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Thursday, January 21, 2010

Return to Classics ~Part II

At the conclusion of WWII in 1945, Paris was in complete disarray. With wartime disruptions, virtually everything was in shortage, including textiles, electricity and the wealthy couture-buying upper class. In 1939, there were 70 Haute Couture houses in Paris including the grand establishments of Chanel, Schiaparelli and Balenciaga. As the war went on, many closed and others teetered on the brink. With their wealthy clientele dispersed elsewhere, the future of Paris fashion was bleak.

To combat the dire circumstances, the remaining couturiers created Theatre de la Mode, a touring exhibition of about 200 fashioned dolls. The Theatre toured Britain, Scandinavia and the U.S. to promote Parisian fashion and let the world know they were still in business. It was a long way from pre-1940 Paris couture and many wondered if they would survive at all, much less regain their status as the fashion capital of the world.

Christian Dior was born on the seaside coast of France in the Normandy region in 1905. Coming from a wealthy family that made its money in fertilizers and chemicals, the family hoped he would become a diplomat. All Christian wanted to do was be involved in the arts, against the better judgment of his family. Upon graduating from school, Dior received money from his father to open a small art gallery in Paris in 1928 with the caveat that the family name not be used in association with the gallery. In the small gallery, he sold artwork by the likes of Pablo Picasso and Max Jacob. Forced to close the gallery following a family financial disaster he turned his attention to fashion. To make money he sold fashion sketches to various couture houses and was rumored to have sold fashion sketches in the streets for 10 cents apiece. In 1937 he went to work for the Robert Piguet house until being called up for military duty in 1939.

After leaving the French military, Dior was asked to return to Piguet in 1941 but he took too long to accept and the job was offered to Antonio del Castillo. In 1942, he started working for Lucien Lelong, working alongside Pierre Balmain (founder of the Balmain house in 1945~ dress and petticoat design below) as the primary designers. For the duration of the war, he dressed wives of German officers and French collaborators.

Amid the uncertainty of the Parisian fashion industry in 1946, the Christian Dior House was founded on October 8 and Pierre Cardin was hired as head tailor. Christian Dior’s first collection, “Corolle”, debuted in early 1947. Dior believed woman wanted something new and traditionally feminine so as to restore the natural balance that had been disrupted as a result of woman carrying out men’s traditional roles during the war. The androgynous, utilitarian dress was also greatly influenced by rations on fabric and led to shorter, no frills, knee length skirts and dresses. Where shoulders had been boxy, Dior incorporated soft sloping shoulders. Straight lines were replaced with a cinched-in waist and full-flowing long skirts.  The designs were voluptuous and enhanced the bust (which previously fell from style in 1912). Christian Dior was a master of creating shapes and silhouettes and his first collection was the antithesis of the masculine wartime fashions and was just what woman needed after the austerity and hardship of the war years.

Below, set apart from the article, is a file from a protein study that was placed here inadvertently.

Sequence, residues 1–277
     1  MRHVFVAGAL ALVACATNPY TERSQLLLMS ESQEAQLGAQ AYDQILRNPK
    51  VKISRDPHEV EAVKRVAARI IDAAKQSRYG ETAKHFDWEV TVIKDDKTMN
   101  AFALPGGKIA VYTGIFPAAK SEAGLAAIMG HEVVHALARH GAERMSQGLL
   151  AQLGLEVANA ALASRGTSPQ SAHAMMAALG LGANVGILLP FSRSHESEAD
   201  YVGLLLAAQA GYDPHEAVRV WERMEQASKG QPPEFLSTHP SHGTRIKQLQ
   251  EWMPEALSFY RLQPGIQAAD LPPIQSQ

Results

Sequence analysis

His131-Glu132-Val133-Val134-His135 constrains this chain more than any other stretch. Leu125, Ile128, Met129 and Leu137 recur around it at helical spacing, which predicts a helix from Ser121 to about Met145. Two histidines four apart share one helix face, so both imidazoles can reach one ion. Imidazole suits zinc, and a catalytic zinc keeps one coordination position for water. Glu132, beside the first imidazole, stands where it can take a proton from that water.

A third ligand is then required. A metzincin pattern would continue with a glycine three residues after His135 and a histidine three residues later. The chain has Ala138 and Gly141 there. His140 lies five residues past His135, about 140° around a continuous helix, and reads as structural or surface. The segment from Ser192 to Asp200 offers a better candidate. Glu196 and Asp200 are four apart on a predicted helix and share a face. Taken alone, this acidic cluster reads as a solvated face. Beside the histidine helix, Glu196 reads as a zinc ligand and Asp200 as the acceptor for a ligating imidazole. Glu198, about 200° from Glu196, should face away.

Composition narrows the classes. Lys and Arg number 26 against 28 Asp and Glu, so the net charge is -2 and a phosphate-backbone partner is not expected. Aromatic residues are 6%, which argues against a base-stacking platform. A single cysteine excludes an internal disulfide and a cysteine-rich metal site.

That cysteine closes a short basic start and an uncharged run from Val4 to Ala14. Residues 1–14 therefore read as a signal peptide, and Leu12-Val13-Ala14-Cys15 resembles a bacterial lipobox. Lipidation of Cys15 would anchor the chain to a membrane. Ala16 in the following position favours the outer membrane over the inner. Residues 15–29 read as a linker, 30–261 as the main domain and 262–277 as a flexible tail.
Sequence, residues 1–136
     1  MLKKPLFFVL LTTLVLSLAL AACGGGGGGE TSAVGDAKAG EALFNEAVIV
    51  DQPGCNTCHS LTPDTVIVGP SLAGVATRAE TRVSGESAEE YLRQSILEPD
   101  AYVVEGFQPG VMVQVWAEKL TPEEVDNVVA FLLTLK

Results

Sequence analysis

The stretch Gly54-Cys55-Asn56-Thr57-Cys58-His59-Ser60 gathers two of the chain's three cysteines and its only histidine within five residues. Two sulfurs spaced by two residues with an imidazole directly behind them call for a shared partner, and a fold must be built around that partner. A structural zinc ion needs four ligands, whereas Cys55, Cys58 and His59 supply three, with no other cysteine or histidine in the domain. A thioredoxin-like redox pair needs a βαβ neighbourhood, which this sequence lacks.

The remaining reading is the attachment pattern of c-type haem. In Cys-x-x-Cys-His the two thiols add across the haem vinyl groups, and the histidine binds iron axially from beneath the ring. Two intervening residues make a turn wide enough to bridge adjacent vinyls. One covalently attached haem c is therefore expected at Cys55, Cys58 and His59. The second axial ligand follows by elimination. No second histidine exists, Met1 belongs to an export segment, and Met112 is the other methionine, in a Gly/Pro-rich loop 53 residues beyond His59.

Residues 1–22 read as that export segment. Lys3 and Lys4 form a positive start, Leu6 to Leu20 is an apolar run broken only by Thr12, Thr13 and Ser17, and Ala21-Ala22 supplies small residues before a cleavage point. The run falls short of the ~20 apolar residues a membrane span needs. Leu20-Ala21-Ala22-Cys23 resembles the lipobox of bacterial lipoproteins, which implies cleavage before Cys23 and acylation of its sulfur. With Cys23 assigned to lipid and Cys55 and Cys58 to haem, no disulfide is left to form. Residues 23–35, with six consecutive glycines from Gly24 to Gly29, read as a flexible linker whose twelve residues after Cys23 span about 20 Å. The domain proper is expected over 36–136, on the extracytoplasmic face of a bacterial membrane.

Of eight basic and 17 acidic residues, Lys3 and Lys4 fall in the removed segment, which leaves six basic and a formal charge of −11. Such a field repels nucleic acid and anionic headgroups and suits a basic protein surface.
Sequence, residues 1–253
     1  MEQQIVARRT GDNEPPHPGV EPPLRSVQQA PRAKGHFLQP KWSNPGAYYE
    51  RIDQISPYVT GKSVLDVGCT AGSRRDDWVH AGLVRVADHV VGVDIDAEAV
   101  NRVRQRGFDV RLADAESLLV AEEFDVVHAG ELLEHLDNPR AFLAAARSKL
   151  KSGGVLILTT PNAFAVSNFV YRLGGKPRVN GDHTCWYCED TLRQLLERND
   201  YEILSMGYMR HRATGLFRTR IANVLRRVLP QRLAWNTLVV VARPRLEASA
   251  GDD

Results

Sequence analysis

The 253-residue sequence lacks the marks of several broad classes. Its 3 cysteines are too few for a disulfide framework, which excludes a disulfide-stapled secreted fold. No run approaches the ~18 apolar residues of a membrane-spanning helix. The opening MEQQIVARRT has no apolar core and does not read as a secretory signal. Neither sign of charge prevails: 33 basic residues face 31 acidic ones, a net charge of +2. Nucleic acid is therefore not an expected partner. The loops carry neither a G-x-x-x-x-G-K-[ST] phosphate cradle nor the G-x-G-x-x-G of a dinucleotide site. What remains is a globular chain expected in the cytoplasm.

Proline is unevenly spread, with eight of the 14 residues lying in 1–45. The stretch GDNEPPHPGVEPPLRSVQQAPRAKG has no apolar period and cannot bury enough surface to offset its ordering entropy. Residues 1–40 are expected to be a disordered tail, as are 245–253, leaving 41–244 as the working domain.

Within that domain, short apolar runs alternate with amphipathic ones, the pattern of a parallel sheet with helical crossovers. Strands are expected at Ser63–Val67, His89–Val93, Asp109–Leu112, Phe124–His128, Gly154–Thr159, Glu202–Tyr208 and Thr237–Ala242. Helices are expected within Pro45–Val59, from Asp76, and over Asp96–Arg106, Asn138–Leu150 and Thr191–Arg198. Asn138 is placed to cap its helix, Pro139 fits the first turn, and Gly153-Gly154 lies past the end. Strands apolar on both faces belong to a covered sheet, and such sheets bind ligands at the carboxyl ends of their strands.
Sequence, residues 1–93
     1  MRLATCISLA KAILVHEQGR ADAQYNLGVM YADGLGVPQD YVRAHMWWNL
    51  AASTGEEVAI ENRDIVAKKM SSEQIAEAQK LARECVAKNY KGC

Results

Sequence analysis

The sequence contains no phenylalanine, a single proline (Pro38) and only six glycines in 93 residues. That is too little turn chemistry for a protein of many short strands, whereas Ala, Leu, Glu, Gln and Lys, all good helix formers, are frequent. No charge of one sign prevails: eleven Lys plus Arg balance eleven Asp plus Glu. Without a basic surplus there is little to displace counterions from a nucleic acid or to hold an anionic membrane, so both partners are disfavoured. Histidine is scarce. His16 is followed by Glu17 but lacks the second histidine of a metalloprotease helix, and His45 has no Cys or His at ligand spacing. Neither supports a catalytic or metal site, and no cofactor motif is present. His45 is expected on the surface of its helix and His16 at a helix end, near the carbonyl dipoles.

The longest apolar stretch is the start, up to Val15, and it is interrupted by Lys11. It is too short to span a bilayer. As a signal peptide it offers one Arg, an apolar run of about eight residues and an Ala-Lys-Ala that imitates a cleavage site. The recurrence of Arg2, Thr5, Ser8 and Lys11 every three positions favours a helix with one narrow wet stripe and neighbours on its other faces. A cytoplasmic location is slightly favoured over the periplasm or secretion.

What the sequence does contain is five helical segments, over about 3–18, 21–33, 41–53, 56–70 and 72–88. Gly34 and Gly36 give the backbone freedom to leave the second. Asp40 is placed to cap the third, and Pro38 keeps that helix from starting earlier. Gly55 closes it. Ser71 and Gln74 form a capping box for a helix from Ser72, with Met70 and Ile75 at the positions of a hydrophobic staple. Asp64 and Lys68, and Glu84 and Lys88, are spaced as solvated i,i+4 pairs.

The hourglass shape of the enhanced bust, cinched-in waist, dresses that flared out at the waist and a longer skirt hem that was very flattering on the calves and ankles created a beautiful silhouette that London couturier John Cavanagh described as “a total glorification of the female form”. The accolades did not end there. Fashion journalist Bettina Ballard said of the collection, “I was conscious of an electric tension I had never before felt in couture… we were witnesses to a revolution in fashion”. Finally, Carmel Snow, editor-in-chief of Harper’s Bazaar said, “Your dresses have such a new look”, and the “New Look” name was born to symbolize that of the golden age of couture, an age which began and ended with Christian Dior.

Prominent Hollywood figures and the European upper-class became instant clients. Dior was invited to give a private presentation to the British Royal family in London at the Savoy. Orders poured in from the likes of Rita Hayworth, ballerina Margot Fonteyn, Ava Gardner, Marlene Dietrich, Princess Margaret and the Dutchess of Windsor.

One of the most important designs in the first collection was the “Bar” suit and hat. The tight fitting jacket had padded hips which emphasized the small waist. (“Bar” suit and hat image above and detail of the “Bar” Suit jacket below).

The New Look revolutionized woman’s dress and reestablished Paris as the center of the fashion world following WWII and influenced other designers for years to come.  Christian Dior was credited for the recovery of the Parisian couture empire when it was threatened most and was hailed as a national hero. The House of Dior was responsible for up to 75% of fashion exports from Paris and up to 5% of all French exports. He revolutionized the fashion industry by creating an international fashion company and created methods of business that are still emulated today. In ten short years, Christian Dior did more for fashion than perhaps anyone before or anyone since. To be continued...

Current Dior designer John Galliano’s Fall 2008 design, channeling Christian Dior's designs from the Golden Age of Couture.


Interior designer said...

Love it once again! ~Loren

Herb Hernandez Photography said...

Great article. I love fashion history and Christian Dior!
Herb Hernandez
NYC Inspired Art & Culture